10 Questions to be
• What are the goals of teachers who use
the CLL method?
-- To learn how to use the target language
communicatively in a nondefensive
• What is the role of the teacher? What is
the role of the students?
T—a counselor; S—a client
The relationship between T and S from
dependency to independency through five
stages (focus of fluency or accuracy)
• What are some characteristics of the
teaching/learning process?
a conversation in L1-> translation in
chunks recording of the conversation a
transcript with L1 equivalents activities
based on the conversation
• six elements necessary for nondefensive
security—non-threatening learning
aggression—actively involved in the learning
attention—ability to attend to many factors
simultaneously by narrowing the scope of
attention initially
reflection—when Ss reflect on the language as
the teacher reads the transcript three times;
when Ss are invited to stop and consider the
active experience they have
retention—the integration of the new material
that takes place within the whole self
discrimination—sorting out differences among
target language forms such as Human
• What is the nature of studentteacher interaction? What is the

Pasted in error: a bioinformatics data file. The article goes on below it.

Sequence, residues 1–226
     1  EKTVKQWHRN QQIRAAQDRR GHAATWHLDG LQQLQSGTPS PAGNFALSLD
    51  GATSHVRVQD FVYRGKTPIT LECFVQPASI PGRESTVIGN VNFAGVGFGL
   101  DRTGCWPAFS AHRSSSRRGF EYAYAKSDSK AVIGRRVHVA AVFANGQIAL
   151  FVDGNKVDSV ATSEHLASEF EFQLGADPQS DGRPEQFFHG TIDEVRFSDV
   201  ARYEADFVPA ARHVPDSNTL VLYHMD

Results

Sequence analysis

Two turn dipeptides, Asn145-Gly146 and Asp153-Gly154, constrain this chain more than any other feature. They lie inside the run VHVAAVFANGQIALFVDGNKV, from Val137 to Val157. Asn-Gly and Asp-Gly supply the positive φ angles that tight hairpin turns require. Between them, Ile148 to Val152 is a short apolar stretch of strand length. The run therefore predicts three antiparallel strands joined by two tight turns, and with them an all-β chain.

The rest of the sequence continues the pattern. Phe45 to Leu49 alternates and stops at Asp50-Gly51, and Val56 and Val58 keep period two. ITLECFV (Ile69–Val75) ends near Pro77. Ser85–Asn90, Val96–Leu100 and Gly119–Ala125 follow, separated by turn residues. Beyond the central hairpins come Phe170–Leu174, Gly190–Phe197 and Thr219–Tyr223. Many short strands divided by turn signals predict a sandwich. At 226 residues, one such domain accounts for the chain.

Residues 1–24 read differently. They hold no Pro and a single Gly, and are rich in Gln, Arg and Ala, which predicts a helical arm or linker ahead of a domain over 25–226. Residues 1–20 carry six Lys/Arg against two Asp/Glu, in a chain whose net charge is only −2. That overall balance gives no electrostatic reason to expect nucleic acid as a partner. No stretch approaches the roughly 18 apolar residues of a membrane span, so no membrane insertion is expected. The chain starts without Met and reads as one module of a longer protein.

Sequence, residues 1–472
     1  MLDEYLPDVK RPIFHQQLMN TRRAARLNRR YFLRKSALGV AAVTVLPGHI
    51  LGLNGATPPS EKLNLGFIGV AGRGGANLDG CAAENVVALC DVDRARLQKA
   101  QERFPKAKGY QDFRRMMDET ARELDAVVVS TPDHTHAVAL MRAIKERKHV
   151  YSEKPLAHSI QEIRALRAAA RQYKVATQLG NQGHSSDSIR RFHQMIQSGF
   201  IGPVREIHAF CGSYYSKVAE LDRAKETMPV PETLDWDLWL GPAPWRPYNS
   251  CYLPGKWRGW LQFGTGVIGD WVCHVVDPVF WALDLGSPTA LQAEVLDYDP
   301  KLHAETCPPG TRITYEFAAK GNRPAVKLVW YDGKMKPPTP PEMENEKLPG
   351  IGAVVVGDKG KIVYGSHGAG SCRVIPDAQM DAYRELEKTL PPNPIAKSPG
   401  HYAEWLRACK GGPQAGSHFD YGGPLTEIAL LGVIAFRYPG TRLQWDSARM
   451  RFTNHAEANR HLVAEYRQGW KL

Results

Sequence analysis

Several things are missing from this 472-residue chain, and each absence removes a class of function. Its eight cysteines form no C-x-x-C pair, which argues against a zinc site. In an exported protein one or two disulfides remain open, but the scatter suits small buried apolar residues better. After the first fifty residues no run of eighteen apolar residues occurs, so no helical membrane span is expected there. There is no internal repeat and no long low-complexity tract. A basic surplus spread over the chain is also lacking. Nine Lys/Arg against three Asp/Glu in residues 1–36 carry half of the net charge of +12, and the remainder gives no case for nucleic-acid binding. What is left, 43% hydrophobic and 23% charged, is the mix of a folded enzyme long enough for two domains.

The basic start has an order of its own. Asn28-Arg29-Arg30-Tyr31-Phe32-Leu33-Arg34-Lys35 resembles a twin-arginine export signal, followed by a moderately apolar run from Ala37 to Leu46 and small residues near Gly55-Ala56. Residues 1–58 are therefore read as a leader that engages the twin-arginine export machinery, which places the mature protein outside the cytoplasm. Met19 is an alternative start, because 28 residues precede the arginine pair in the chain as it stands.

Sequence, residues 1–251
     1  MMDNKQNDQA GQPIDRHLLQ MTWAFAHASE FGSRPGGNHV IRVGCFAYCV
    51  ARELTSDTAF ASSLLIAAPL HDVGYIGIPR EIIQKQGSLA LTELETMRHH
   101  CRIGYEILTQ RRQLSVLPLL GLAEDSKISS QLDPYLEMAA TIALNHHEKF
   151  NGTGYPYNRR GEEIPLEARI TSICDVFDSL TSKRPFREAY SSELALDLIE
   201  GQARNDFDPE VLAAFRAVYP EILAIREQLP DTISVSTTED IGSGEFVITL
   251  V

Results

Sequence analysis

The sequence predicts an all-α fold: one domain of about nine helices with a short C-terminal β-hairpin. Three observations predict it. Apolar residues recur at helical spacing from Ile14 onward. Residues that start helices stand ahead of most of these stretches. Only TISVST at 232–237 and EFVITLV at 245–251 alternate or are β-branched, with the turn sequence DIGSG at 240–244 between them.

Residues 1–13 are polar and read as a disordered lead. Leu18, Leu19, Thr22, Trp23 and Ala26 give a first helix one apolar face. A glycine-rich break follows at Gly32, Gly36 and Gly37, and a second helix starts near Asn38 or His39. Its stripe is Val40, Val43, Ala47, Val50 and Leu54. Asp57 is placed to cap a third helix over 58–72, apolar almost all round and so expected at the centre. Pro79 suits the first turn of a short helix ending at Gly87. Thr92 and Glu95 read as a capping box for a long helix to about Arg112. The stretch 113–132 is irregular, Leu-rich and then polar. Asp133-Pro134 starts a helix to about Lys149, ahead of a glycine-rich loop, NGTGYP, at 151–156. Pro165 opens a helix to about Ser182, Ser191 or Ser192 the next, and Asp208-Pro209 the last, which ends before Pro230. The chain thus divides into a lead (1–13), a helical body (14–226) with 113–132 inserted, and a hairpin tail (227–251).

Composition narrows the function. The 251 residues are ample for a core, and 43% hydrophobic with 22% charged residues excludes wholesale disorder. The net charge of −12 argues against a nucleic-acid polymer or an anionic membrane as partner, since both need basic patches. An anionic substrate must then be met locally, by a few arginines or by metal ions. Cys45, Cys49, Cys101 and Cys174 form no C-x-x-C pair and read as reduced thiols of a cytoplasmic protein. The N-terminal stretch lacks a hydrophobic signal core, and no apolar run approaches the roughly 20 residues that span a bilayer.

nature of student-student interaction?
S-T first and S-S interaction
afterwards; teacher-studentcentered with both being decisionmakers in the class
• How are the feelings of the students
dealt with?
Inviting Ss to comment on how they
feel to keep their security
• How is language viewed? How is culture
Language for communication in a
supportive learning process; culture as an
integral part of language learning
• What areas of language are emphasized?
What language skills are emphasized?
Grammar points, pronunciation patterns
and vocabulary based on the language Ss
generate; the importance of
understanding and speaking the language
at first, then reading and writing
• What is the role of the students’ native
L1 to enhance students’ security as a bridge
from the familiar to the unfamiliar; literal L1
equivalents but less L1 in later stages
• How is evaluation accomplished?
An integrative test rather than a discretepoint one such as writing a paragraph or an
oral interview or self-evaluation too
• How does the teacher respond to student
T repeats correctly what Ss say incorrectly
without calling further attention to the error
Summary(Charles Curran, 1972)
• A counseling-learning model in which non-defensive
learning is achieved with six elements (security,
aggression, attention, reflection, retention, and
discrimination) and learners are considered “whole
persons.” It aims at building a supportive community
of Ss to interact in an interpersonal relationship, to
lower defenses, and to meet learner needs.
• The principles of discovery learning, student-centered
participation and development of student autonomy
(independence) remain viable in the application to lg
classrooms. But it was too restrictive for institutional
lg programs. Teachers are too non-directive, and their
translation expertise determines success. Finally,
there is too much reliance on an inductive strategy of
• http://www.cettaiwan.com/Epaper/200506_40_3.htm